Friday, 31 May 2019

A pair of Great Crested Grebes are trying to make a nest out of algae in the middle of the lake next to the bridge. There must be a submerged fallen branch here that they are trying to attach it to. Such construction is quite beyond grebes' small nest building skill, though Coots might succeed here.
The pair at the west end of the island are showing renewed interest in their nest at the back of the wire baskets. It's quite a well made nest by grebe standards, with solid twigs shoved through the mesh, and has not fallen to pieces in their absence as grebe nests usually do.


A Moorhen clambered nimbly on the small waterfall in the Dell, picking up algae and any small creatures that might be hiding in it.
The Mute Swan pair that occupied the Coot nest under the willow seem to be sticking to it.


The swan on the Long Water gave her cygnet a ride on her back as they came over to Peter Pan.
Her mate sat on the nest, in uneasy company with his enemy the Coot and one of the chicks.


The Bar-Headed--Greylag Goose hybrid is fond of sunflower seeds, and comes over to eat them from my hand.


There were three Mallard ducklings at Peter Pan, without their mother. I don't think they can be the three that were here a few days ago, because the last time I saw that brood its was down to two.


Both the Peregrines were on the barracks tower again. Although it was good to see them, it's disappointing news. When they started mating at disappeared for a while, it seemed that they were nesting somewhere. But if they're both back here, they can't be.


A female Blackcap was ticking loudly at some unseen threat in a bush beside the Long Water.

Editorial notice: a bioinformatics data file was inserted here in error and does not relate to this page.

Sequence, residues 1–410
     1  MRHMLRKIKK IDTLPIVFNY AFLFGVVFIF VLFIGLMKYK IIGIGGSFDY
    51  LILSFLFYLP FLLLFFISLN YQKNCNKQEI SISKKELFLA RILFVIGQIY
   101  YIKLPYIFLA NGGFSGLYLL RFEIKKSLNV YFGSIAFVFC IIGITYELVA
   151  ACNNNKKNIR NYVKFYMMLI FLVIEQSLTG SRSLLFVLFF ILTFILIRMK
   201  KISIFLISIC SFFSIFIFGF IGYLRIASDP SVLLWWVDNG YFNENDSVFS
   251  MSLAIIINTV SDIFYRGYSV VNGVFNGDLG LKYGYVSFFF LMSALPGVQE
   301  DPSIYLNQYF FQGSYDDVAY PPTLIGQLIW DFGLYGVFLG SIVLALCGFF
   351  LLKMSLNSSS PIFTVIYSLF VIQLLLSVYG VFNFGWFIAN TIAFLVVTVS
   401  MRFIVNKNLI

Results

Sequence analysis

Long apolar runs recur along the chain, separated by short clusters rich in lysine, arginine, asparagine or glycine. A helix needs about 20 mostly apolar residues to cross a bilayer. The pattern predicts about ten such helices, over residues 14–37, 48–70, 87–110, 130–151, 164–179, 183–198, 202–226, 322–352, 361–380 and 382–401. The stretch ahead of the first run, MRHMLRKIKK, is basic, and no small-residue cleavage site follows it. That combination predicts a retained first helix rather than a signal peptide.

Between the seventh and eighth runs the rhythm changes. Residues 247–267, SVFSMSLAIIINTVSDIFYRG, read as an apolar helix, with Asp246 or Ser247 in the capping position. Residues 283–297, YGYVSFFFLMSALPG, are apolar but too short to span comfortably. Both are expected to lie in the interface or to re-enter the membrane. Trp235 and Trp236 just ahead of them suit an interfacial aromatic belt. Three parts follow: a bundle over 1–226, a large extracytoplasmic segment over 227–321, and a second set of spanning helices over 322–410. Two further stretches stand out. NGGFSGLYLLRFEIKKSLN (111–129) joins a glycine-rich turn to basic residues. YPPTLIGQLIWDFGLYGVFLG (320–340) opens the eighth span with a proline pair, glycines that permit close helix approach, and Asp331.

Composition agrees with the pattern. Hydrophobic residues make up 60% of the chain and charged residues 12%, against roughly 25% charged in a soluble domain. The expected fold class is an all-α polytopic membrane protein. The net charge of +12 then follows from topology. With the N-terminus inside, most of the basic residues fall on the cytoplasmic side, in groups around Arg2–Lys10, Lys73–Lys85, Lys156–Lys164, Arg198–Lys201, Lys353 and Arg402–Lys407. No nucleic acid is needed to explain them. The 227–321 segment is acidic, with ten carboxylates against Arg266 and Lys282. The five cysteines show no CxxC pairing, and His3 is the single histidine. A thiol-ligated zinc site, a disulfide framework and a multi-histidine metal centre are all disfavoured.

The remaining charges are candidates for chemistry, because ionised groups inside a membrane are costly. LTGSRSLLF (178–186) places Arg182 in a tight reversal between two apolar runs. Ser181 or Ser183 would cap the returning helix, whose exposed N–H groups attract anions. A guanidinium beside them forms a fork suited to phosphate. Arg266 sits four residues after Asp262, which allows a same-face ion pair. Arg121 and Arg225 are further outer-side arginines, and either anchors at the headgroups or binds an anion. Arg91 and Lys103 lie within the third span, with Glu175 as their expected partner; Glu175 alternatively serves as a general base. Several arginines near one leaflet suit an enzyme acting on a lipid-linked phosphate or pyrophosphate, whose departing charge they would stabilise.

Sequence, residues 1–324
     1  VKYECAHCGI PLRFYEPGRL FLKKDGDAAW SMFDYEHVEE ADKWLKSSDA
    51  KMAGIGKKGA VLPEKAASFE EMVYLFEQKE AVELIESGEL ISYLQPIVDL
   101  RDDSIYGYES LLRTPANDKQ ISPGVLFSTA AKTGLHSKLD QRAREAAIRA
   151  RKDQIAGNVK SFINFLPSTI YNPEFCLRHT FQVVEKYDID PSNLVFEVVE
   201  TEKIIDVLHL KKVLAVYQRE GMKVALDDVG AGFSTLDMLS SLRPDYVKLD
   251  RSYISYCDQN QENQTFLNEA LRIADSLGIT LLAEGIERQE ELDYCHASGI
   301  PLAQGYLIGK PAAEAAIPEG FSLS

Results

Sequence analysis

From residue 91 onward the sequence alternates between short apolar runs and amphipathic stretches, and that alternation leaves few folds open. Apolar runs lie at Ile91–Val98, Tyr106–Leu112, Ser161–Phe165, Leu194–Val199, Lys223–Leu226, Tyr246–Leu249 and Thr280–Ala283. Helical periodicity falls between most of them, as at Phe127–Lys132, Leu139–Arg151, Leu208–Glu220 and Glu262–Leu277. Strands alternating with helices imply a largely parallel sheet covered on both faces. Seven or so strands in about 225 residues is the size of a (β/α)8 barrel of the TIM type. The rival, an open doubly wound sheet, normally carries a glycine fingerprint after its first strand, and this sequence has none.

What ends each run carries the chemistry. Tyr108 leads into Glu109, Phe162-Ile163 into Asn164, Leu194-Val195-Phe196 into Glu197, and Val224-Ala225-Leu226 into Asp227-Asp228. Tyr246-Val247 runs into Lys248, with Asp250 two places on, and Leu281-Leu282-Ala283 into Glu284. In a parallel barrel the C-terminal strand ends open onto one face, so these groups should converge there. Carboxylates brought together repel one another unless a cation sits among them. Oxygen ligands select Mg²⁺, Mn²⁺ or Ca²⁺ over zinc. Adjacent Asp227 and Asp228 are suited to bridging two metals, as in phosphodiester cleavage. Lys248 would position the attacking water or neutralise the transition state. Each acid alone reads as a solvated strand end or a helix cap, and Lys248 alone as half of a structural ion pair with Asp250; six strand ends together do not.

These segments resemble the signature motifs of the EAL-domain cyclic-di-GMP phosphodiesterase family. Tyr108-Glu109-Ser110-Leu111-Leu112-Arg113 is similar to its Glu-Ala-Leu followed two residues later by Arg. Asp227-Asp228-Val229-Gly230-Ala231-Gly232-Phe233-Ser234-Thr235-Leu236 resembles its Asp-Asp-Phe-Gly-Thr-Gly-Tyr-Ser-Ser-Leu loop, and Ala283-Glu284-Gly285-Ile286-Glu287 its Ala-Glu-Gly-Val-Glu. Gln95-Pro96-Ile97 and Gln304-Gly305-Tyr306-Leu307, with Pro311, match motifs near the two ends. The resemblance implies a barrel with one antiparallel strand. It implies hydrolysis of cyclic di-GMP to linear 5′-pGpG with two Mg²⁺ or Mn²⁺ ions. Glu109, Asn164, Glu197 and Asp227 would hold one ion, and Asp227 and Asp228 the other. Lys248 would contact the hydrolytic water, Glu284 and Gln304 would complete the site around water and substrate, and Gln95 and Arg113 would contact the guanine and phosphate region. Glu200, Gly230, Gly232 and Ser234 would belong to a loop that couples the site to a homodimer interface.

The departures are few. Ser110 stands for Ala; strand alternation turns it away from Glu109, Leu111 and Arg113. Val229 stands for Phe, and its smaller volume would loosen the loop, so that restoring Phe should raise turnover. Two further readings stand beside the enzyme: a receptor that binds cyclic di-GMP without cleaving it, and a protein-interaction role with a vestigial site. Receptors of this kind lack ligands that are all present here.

A family of Long-Tailed Tits flew through the trees.


One of the pair of Mistle Thrushes in the Dell was out on the lawn.


Whenever you see a group of Rose-Ringed Parakeets feeding on the ground, you can be sure that there's a dandelion patch. They are particularly fond of the leaves.
Cornflowers are coming up in the wildflower bed in the Rose Garden.

Thursday, 30 May 2019

A Great Tit sunbathed in the Dell. They always look as if they had crashed, but actually the bird is perfectly all right and just trying to get the insects out of its feathers.


A young Long-Tailed Tit waited for food on a twig near the Italian Garden.


A young Starling clamoured to be fed at the Lido restaurant.


A female Blackbird in a freshly dug flower bed in the Rose Garden collected as many worms as she could carry before flying off to her nest.
A Pied Wagtail hunted insects under a parked bicycle.


The male Reed Bunting perched on a stem in the reed bed near the Diana memorial.


A young Magpie pestered a parent for food. Two slightly older ones foraged for themselves side by side.
The Great Crested Grebes under the willow near the bridge have built a third nest, this time at the edge of the tree. They can be seen only from the other side of the bridge.


The second Coot nest on the posts at Peter Pan has been considerably built up. It's a shame that these carefully built structures won't lead to breeding success. The gulls are waiting.


A Gadwall drake showed off his beautifully vermiculated feathers on another post.
The Mute Swan with one cygnet was also at Peter Pan.


A family of Greylag Geese grazed peacefully beside the Serpentine until an irresponsible dog owner passed with his pets off the lead, and they had to retreat hastily to the water.
A closer look at one of the goslings.


A Buff-Tailed Bumblebee drank nectar from a purple flower.


There are plenty of female Common Blue Damselflies in the grass around the leaf yard, but for some reason I can find very few males. They are much more visible than females, being bright blue, so they ought to be unmissable.